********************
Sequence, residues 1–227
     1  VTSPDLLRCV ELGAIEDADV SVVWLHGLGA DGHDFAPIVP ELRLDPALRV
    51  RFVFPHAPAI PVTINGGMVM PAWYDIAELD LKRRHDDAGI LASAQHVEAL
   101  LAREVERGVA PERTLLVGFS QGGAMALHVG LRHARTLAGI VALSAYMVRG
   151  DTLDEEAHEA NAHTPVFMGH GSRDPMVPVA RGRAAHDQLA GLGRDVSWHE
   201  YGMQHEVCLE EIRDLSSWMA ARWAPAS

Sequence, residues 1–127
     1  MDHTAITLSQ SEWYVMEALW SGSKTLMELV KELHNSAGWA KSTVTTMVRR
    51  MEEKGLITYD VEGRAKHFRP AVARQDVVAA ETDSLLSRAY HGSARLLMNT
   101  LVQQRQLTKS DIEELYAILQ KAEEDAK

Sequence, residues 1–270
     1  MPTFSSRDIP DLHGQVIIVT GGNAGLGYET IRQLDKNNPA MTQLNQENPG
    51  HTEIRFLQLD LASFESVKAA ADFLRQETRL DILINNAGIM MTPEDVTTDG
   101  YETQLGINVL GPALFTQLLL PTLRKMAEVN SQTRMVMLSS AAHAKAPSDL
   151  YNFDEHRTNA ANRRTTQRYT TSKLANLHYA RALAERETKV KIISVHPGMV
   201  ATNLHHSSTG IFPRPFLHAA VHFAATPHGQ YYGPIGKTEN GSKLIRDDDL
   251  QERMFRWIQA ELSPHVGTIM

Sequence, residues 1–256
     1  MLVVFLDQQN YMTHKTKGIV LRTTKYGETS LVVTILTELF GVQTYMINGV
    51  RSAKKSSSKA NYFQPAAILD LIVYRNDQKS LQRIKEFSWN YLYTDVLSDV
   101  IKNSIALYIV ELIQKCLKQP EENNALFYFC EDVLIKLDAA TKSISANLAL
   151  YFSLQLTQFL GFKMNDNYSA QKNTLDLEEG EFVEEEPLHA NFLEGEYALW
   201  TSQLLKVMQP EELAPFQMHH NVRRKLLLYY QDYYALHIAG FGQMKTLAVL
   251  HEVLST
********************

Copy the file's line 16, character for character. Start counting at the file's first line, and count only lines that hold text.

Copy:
   201  ATNLHHSSTG IFPRPFLHAA VHFAATPHGQ YYGPIGKTEN GSKLIRDDDL